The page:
FarmScape, a free event held in September at St. Louis Ballpark Village, teaches about farming and where food comes from.
FarmScape, a free event held in September at St. Louis Ballpark Village, teaches about farming and where food comes from.

A first of its kind in Missouri – and in the agriculture industry nationwide – FarmScape
is proving to be the perfect opportunity to teach consumers about Missouri’s rich farming heritage.

Presented by the Missouri Department of Agriculture, the inaugural event was held at Ballpark Village in downtown St. Louis in September 2015.

“It is often incredibly challenging for farmers to find ways to communicate with consumers, but this event provides a great platform to begin conversations on where our food comes from,” Missouri Director of Agriculture Richard Fordyce says about the free event.

FarmScape, a free event held in September at St. Louis Ballpark Village, teaches about farming and where food comes from.Through this engaging and interactive experience, visitors encountered tractors and farming equipment, a farmers market, petting zoo, as well as plentiful displays of local fruits, vegetables and live crops showcasing the best of Missouri agriculture.

Other FarmScape highlights included showing the My Farm, My Story video series, Ballpark Village restaurants featuring locally grown products, sampling wine at the Missouri Wine 101 classes, youth activities like face painting and calf roping, a concert, and the Osborn Barr livestock barn.

FarmScape, a free event held in September at St. Louis Ballpark Village, teaches about farming and where food comes from.Demystifying Farms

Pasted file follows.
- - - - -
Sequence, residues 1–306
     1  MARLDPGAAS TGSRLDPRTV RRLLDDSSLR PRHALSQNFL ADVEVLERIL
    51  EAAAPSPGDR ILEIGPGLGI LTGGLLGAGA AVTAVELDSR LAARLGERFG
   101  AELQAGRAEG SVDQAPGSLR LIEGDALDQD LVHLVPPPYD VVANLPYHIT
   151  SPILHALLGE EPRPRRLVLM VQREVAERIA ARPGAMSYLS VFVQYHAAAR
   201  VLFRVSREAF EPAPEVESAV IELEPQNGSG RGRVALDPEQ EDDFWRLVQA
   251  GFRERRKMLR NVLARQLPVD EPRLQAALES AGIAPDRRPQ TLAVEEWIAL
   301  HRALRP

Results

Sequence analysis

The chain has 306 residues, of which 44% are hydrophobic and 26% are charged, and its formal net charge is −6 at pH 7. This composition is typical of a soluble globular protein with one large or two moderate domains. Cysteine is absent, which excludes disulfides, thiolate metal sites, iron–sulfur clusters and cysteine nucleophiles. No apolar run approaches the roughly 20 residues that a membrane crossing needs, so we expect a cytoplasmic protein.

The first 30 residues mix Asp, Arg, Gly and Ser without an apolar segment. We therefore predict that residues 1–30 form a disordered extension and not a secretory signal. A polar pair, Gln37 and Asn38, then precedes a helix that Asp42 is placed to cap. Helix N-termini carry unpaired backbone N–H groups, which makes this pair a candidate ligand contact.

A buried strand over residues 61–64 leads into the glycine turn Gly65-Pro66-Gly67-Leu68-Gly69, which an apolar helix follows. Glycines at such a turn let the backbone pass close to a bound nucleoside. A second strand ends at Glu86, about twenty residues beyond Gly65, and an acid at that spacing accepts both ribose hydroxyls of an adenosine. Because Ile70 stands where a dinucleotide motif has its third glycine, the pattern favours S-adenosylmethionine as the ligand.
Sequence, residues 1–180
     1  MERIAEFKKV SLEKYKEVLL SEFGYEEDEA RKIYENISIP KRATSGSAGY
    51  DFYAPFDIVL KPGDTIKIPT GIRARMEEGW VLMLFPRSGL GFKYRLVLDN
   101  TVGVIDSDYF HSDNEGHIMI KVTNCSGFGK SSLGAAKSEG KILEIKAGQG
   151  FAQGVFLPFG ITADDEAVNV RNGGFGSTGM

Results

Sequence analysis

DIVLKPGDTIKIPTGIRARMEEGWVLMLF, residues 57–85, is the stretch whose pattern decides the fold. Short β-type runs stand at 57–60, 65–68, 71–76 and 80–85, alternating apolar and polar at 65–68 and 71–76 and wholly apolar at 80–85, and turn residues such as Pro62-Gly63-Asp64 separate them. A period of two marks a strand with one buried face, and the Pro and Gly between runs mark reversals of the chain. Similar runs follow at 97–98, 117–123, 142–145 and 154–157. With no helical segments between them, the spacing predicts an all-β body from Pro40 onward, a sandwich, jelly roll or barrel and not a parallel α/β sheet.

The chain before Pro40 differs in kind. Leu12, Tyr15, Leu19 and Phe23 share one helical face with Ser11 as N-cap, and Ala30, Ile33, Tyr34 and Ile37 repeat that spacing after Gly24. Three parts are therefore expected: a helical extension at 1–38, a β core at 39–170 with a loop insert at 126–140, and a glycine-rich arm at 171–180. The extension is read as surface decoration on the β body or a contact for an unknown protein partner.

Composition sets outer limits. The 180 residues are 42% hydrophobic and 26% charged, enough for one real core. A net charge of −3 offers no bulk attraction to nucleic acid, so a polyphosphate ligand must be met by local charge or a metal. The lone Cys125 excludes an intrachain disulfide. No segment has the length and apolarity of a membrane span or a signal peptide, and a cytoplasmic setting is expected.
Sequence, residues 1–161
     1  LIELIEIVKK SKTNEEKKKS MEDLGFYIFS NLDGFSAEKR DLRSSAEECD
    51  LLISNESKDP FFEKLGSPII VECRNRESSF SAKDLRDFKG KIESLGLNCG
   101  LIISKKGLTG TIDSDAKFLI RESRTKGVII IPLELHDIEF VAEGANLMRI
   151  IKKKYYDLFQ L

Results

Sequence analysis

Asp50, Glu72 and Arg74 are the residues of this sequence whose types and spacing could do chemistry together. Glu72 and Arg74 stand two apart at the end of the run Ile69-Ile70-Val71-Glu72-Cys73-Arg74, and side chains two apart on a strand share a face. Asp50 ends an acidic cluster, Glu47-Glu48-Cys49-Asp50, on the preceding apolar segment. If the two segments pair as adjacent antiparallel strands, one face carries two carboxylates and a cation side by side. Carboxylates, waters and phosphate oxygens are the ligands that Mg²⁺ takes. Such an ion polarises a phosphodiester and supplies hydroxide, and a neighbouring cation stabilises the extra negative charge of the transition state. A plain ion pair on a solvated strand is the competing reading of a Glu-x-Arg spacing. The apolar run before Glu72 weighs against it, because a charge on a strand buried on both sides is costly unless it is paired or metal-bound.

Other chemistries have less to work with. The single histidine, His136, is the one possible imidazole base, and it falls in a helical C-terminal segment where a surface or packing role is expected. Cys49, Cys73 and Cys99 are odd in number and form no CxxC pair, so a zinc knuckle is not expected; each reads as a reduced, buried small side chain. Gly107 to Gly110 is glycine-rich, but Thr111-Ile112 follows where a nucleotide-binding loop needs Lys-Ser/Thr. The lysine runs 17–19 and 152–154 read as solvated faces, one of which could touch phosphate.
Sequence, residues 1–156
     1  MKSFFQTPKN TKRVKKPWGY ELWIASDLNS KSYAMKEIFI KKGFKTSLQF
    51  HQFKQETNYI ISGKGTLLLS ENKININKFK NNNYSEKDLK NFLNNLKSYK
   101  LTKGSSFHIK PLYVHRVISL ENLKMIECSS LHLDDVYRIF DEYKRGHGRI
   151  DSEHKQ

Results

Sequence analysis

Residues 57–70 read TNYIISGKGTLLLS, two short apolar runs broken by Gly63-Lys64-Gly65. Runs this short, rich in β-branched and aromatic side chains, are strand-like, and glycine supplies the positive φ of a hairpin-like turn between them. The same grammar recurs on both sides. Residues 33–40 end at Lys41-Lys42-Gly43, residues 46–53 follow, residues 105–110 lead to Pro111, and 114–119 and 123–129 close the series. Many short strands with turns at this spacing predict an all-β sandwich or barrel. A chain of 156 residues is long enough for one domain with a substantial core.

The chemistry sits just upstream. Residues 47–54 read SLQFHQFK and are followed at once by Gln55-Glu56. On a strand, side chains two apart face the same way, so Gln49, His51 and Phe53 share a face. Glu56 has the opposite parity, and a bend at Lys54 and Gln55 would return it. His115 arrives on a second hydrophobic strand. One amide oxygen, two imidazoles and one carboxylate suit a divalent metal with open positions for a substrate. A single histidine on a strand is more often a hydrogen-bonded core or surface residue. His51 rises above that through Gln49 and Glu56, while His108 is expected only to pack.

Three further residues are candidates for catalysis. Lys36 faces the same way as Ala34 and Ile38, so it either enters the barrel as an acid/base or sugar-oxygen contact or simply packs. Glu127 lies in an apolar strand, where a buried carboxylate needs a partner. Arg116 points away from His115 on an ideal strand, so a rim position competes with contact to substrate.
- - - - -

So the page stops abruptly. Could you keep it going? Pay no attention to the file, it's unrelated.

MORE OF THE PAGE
“The closest most people get to farm animals is the meat case in their local grocery store,” says Neil Caskey, marketing executive and communications strategist for Osborn Barr.

Determined to provide a genuine farm experience to urban residents, Osborn Barr hosted a livestock barn that featured pigs, sheep, goats, horses, chickens and cows. “Visitors heard from the people who are responsible for the animals and learned how they care for them each and every day,” Caskey says.

In fact, attendees have found that one of the best parts of FarmScape is the opportunity to have real, face-to-face dialogue with local farmers and get answers to their questions regarding agricultural practices, such as the differences between GMO (genetically modified organisms) and non-GMO foods.

As more consumers seek healthy, homegrown local produce, ag events like FarmScape are proving critical to maintaining open lines of communication on both sides.

“For food producers, it starts with a clear understanding of what their customers expect from them,” Caskey says. “And for consumers, it includes a better appreciation of how that food is delivered.”

It is Missouri’s farm families who continually demonstrate the commitment and passion necessary to produce agriculture’s finest for the world.

FarmScape, a free event held in September at St. Louis Ballpark Village, teaches about farming and where food comes from.Save the Date

FarmScape returns to St. Louis Ballpark Village on Sept. 17, 2016, delivering a wide variety of interactive educational ag experiences that are fun for the entire family. This second annual “escape to the farm” adventure is free and open to all ages.

“Corn, soybeans, pigs, cattle and Cardinals baseball together are a perfect marriage of some of our favorite things. We’re definitely in again this year,” Caskey says.

Missouri’s FarmScape success has grabbed the attention of other agricultural organizations across the nation. It’s an event not to be missed.

“Our friends and colleagues in agriculture in other states have contacted the department to learn more about this successful consumer outreach event and how they can develop similar initiatives,” Fordyce says.

For more information, visit agriculture.mo.gov/farmscape.

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